15 Gallon Tank Cardinal tetra, tail missing difficulty swimming

KrissyK24
Member
I just pulled a bunch of hornwort out of my tank to put it in another and I was able to get a good look at everyone. I noticed one of my tetras is looking not good compared to the rest. It looks like his tail is almost gone and he's having a hard time swimming, there is a sponge on the HOB intake so they can't get stuck. I've had them for 7 months now. Only thing in the tank is harlequin rasboras, three types of snails (bladder, rams and trumpets) and I added 5 neo cherries about a week ago and planning on adding another 5 or 10 soon. Ammonia and nitrites 0 and nitrates stay steady around 10. I do weekly wc of around 25%, temp is a constant 78°.
 
Noroomforshoe
Member
Is this the 3.5 gallon tank you listed in your profile? opps, i guess its the 15 gallon in your guestion,
 
AggressiveAquatics
Member
It looks like NTD (neon tetra disease) most common symptoms are lack of color, bumps/lumpiness usually around the stomach area and loss of appetite and not swimming as much. It looks like that tetra has all of the physical stuff. There is no known cure for this as of now so if it is neon tetra disease then you’ll need to euthanize to avoid it spreading
Edit: never mind this is a cardinal tetra. Although the description of neon tetra disease fits this almost perfectly
 
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KrissyK24
Member
Noroomforshoe said:
Is this the 3.5 gallon tank you listed in your profile? opps, i guess its the 15 gallon in your guestion,
It's my 15 gallon, there's no way I'd put them in a 3.5 gallon.
AggressiveAquatics said:
It looks like NTD (neon tetra disease) most common symptoms are lack of color, bumps/lumpiness usually around the stomach area and loss of appetite and not swimming as much. It looks like that tetra has all of the physical stuff. There is no known cure for this as of now so if it is neon tetra disease then you’ll need to euthanize to avoid it spreading
Edit: never mind this is a cardinal tetra. Although the description of neon tetra disease fits this almost perfectly
I'll look into NTD but would it show up after around 7 months of being in the tank?
 
Redshark1
Member
Diseases tend to strike when fish are stressed and the immune system is suppressed and unable to defend the fish. Whilst stress is very common when fish are newly introduced it can also occur at any time in the life of the fish.

I would expect this to be Columnaris disease, which is caused by a bacterium that lives on the skin of the fish (I think it would feed on dead skin). I believe it is normally controlled by the immune system and prevented from feeding on living parts of the fish in this way.

Neon Tetra disease has been reported in the hobby but when properly analysed in the lab it has usually turned out to be Columnaris. However, both diseases have similar symptoms and cannot be distinguished by the naked eye.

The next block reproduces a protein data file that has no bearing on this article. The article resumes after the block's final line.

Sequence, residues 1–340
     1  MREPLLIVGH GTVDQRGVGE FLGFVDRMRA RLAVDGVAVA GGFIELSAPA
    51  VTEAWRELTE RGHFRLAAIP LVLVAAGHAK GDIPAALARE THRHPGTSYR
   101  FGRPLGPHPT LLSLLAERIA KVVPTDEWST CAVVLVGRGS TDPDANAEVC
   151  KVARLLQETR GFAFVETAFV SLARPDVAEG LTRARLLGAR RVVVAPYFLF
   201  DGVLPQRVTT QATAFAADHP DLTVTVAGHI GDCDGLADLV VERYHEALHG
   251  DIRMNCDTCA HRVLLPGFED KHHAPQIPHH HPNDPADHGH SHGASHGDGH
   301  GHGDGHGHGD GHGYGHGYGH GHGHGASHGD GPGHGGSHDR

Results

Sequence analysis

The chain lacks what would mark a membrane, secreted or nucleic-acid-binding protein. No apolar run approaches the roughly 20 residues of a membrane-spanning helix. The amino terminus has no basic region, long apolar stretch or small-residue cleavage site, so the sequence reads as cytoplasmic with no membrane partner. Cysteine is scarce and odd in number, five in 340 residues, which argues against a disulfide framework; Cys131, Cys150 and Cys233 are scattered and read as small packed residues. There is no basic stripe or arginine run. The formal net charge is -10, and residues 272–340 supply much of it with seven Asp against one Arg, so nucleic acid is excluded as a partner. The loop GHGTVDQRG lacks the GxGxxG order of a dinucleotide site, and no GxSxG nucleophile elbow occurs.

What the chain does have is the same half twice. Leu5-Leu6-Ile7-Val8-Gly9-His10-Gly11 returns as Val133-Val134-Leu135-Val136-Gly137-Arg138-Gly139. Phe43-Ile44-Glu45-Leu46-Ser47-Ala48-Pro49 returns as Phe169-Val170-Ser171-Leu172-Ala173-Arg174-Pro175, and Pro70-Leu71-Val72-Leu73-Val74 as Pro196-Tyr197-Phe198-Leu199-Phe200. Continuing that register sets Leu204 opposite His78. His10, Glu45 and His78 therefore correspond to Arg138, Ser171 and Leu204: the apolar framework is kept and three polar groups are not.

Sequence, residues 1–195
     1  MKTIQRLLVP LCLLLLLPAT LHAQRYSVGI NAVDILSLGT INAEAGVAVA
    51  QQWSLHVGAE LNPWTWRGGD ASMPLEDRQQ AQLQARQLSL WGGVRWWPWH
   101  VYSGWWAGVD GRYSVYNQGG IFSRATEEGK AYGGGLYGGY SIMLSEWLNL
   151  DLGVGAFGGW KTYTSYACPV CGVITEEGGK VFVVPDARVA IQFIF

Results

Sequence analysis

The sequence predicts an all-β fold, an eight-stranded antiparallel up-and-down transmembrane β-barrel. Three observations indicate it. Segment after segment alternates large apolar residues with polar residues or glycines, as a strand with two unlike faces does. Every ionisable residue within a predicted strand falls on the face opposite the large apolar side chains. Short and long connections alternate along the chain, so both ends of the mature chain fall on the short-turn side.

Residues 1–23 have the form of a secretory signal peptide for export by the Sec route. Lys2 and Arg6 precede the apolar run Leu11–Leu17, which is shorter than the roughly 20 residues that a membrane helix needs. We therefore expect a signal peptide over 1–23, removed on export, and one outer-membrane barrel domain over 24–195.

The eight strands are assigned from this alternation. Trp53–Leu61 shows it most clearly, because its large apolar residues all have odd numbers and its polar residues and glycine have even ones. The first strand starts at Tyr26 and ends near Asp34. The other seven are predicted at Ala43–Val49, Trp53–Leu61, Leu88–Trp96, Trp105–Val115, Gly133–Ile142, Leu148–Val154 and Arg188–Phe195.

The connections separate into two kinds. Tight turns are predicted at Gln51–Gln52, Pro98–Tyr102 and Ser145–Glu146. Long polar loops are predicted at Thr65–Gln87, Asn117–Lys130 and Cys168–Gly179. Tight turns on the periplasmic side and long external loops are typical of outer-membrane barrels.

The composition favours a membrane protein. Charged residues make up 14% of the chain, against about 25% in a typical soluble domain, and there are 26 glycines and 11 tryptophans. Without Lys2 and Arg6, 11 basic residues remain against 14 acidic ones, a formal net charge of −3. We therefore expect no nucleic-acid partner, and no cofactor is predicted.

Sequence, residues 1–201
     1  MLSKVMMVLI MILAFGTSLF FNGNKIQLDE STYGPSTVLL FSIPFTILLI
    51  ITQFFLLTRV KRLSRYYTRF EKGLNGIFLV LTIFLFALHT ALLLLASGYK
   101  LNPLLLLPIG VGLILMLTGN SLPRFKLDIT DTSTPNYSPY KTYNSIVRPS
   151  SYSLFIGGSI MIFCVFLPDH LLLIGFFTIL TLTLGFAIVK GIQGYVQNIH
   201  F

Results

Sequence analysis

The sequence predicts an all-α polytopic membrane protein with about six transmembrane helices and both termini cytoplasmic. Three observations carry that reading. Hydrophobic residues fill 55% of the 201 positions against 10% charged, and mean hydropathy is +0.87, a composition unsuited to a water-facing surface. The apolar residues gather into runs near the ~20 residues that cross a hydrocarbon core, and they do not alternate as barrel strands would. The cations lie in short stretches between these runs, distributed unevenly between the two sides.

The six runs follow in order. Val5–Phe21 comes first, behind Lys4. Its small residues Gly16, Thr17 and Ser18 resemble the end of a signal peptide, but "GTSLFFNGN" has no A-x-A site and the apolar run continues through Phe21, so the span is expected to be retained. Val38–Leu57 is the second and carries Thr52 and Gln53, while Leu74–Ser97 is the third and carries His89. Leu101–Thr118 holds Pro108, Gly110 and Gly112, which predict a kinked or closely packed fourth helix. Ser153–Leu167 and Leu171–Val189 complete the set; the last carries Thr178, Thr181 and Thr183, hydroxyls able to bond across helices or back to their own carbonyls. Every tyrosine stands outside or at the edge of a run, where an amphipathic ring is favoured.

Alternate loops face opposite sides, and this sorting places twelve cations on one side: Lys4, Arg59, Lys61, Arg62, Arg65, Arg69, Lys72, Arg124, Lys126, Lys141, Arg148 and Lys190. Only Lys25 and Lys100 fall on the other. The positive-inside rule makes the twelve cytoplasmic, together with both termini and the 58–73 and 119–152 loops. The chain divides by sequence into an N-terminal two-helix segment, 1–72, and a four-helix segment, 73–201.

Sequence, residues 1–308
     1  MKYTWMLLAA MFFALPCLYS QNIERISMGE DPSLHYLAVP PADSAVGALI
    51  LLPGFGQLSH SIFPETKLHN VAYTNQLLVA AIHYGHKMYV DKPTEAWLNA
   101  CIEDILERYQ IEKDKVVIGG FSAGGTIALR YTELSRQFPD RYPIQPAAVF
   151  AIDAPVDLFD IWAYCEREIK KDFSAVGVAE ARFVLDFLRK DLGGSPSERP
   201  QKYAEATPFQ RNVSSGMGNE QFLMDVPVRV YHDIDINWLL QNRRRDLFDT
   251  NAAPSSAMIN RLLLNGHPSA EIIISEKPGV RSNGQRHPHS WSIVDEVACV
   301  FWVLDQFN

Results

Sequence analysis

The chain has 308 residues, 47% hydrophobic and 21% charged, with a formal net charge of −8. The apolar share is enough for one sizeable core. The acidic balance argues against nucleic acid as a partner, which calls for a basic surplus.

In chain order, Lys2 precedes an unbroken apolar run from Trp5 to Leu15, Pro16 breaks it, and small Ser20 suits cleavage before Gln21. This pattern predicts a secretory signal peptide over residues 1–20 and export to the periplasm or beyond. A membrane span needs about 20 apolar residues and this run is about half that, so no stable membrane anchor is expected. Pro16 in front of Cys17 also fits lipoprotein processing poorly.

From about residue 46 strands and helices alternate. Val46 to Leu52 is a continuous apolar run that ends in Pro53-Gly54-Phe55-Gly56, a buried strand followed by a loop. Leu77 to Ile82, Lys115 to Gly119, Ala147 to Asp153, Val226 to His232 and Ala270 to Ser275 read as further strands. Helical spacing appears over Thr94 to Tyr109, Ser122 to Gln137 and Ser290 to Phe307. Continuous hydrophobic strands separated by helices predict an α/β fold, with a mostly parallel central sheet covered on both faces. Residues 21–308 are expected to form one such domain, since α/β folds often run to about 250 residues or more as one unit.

As Columnaris bacterium is a facultative pathogen, it is able to live, feed and reproduce away from the fish if necessary. Living on a fish is only one way for it to live. It can also survive drought, medication and other adverse periods by entering a resistant dormant stage.

I believe Neon Tetra Disease cannot live, feed and reproduce away from living fish but it is able to persist in the environment in a dormant stage like Columnaris. However, as mentioned earlier it is a rarely encountered in our fishkeeping hobby, though it is a serious problem in the aquaculture industry.
 
  • Thread Starter
KrissyK24
Member
Redshark1 said:
Diseases tend to strike when fish are stressed and the immune system is suppressed and unable to defend the fish. Whilst stress is very common when fish are newly introduced it can also occur at any time in the life of the fish.

I would expect this to be Columnaris disease, which is caused by a bacterium that lives on the skin of the fish (I think it would feed on dead skin). I believe it is normally controlled by the immune system and prevented from feeding on living parts of the fish in this way.

Neon Tetra disease has been reported in the hobby but when properly analysed in the lab it has usually turned out to be Columnaris. However, both diseases have similar symptoms and cannot be distinguished by the naked eye.

As Columnaris bacterium is a facultative pathogen, it is able to live, feed and reproduce away from the fish if necessary. Living on a fish is only one way for it to live. It can also survive drought, medication and other adverse periods by entering a resistant dormant stage.

I believe Neon Tetra Disease cannot live, feed and reproduce away from living fish but it is able to persist in the environment in a dormant stage like Columnaris. However, as mentioned earlier it is a rarely encountered in our fishkeeping hobby, though it is a serious problem in the aquaculture industry.
I just read up on colunaris and it doesn't seem to be it, he's not gasping for air, no fuzziness, he's swimming around just not very good and he's eating just fine, none of the symptoms he seems to be showing, he's still with the pack but they don't really shoal together since I got them but they hang out in the same area
 
DoubleDutch
Member
I think Redsharknis correct.
The white in the tailbase (causing the loose of the tail) and NTD-like symptoms in most cases are Columnaris (there are several syrains showing different symptoms).
NTD wpuld have caused.dead cardinals 7 months ago.
 
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